M&S’ Oxford Street proposal is just a generic office block masquerading as a department store

Marks & Spencer building on Oxford Street on 11th April 2022 in London (In Pictures via Getty Images)
Marks & Spencer building on Oxford Street on 11th April 2022 in London (In Pictures via Getty Images)

The Secretary of State, Michael Gove, has pushed his decision on M&S Oxford Street back to July. This will give him more time to reflect on the huge benefits of refurbishment over M&S’s plan for demolition.

M&S have denigrated the existing group of buildings at Marble Arch because they want to demolish their flagship store and replace it with a new “white box” office building. M&S like to present themselves as the voice of Oxford Street retail, yet are actually planning to shrink their shop from 34,837 sq m to 13,653 sq m.

Their proposal is essentially a generic office block masquerading as a department store. And they’ve threatened to leave if they don’t get their way.

The London public has seen through this, with overwhelming support for the campaign for refurbishment, led by SAVE Britain’s Heritage. Retaining and upgrading the buildings can be exciting and imaginative and, most importantly, can rejuvenate the area and reverse the “run-down” aspects resulting from M&S’s lack of investment.

A quality refurb can offer many benefits: improved public realm, an energy-efficient heritage building with high-quality shopping and even some characterful office space. All this without releasing a massive carbon bomb into the atmosphere.

As others have noted, Oxford Street is beginning to blossom again with the arrival of the Elizabeth line. HMV and Ikea are among the brands opening stores here. This is not the moment to replace a key retail building with an office block.

CoStar Analytics says UK office vacancies have jumped 65% in three years. They report that occupiers “demand modern, more eco-friendly bases to help them attract and retain staff in a competitive jobs market, but also to help them meet their net-zero goals”.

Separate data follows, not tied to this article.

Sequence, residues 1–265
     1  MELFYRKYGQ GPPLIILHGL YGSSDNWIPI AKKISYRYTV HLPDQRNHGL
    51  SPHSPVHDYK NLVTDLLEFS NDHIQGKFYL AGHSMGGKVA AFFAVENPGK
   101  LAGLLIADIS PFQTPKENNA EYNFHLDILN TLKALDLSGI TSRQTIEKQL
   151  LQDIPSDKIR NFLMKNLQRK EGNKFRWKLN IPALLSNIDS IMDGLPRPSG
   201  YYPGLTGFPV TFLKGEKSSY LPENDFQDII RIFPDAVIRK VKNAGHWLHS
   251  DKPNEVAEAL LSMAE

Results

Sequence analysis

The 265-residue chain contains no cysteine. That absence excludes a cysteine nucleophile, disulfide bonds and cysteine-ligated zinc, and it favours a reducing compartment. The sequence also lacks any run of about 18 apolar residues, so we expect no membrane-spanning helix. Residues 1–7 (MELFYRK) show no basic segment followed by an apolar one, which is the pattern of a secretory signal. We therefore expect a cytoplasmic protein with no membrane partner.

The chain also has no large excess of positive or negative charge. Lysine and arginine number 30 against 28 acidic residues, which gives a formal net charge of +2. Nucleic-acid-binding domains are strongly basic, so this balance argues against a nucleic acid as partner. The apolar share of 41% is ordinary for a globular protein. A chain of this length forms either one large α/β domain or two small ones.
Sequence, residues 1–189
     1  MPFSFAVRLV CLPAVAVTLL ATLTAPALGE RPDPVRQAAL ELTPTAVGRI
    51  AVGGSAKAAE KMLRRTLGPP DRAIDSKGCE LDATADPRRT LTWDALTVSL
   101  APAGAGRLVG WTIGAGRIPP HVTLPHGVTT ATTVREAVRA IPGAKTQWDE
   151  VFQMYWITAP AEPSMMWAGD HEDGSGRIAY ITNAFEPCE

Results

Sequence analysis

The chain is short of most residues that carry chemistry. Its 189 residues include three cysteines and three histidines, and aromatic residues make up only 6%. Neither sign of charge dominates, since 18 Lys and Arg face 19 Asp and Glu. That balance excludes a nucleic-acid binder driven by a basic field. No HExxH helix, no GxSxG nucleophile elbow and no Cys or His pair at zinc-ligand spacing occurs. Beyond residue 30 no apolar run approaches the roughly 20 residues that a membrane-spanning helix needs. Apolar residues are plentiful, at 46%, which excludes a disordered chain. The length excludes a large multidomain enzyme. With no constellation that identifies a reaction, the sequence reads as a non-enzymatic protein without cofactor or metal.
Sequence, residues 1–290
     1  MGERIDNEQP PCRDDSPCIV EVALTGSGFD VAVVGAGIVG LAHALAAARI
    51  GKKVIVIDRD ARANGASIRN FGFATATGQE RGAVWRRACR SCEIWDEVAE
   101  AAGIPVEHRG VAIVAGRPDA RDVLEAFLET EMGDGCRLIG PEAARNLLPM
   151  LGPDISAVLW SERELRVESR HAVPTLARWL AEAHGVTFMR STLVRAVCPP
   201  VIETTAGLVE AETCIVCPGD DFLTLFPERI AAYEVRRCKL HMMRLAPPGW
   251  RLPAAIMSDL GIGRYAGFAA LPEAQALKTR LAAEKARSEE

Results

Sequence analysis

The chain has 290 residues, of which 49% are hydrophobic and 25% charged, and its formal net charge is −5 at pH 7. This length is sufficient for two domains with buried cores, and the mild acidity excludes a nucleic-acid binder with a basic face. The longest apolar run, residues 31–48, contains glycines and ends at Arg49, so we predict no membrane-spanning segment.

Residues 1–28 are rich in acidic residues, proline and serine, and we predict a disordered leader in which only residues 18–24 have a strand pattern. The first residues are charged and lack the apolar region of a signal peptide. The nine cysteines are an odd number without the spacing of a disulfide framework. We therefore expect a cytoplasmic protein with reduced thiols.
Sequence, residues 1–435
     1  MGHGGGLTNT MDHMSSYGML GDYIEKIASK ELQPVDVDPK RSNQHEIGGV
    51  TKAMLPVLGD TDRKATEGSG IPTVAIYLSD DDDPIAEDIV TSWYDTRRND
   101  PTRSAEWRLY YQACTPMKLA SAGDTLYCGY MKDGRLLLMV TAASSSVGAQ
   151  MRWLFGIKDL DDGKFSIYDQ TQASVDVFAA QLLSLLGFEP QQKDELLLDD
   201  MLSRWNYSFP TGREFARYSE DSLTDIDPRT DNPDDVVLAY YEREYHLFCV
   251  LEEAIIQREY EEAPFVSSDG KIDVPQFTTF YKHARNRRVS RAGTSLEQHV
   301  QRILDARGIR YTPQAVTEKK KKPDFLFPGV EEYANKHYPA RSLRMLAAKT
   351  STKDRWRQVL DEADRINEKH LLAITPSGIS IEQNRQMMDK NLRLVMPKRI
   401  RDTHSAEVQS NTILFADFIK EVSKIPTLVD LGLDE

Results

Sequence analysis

They describe a “flight to quality”. Do not assume this automatically equals “new-build”.

Cluttons’ Q1 2023 London Office Report confirms this, adding: “ESG considerations are playing a role in decision-making as companies, and their clients and investors, are becoming increasingly aware of their own carbon footprint and operations.”

Someone who has solved this conundrum is Tyler Goodwin of Seaforth Land. He recently showed me two very exciting refurbishment projects that are highly carbon efficient and will be great places to work.

One is in Bleeding Heart Yard, near Hatton Garden, with Swiss bank Julius Baer as tenant, and the other is Space House, the circular 1960s Siefert tower on the eastern edge of Covent Garden.

These two old buildings, both now with top environmental performance, show what imaginative refurbishment can achieve.

Compare this ingenious approach with the M&S proposal for Oxford Street. This relies on total demolition, a three-storey basement hole to be dug and lined with concrete (highly carbon-intensive) and the disposal of the vast amount of waste produced.

When completed the building will already have emitted 40,000 tonnes of CO2. As M&S’s advisers Arup show, the new building would need a major refurbishment within 35 years.

The M&S plan neither meets today’s environmental concerns nor solves the working from home problem, and it contributes no more to the public realm and economic rejuvenation of Oxford Street than can be achieved by the sort of exciting refurbishments I have described above. M&S’s proposal is a traditional white box office building that is also a white elephant.

What we need are new solutions for a post-Covid, climate crisis world. I hope the Secretary of State chooses the approach that restores Oxford Street and imporantly addresses the issues of the 21st century.

⬤ Simon Sturgis is founder of carbon consultancy Targeting Zero and Carbon adviser to SAVE Britain’s Heritage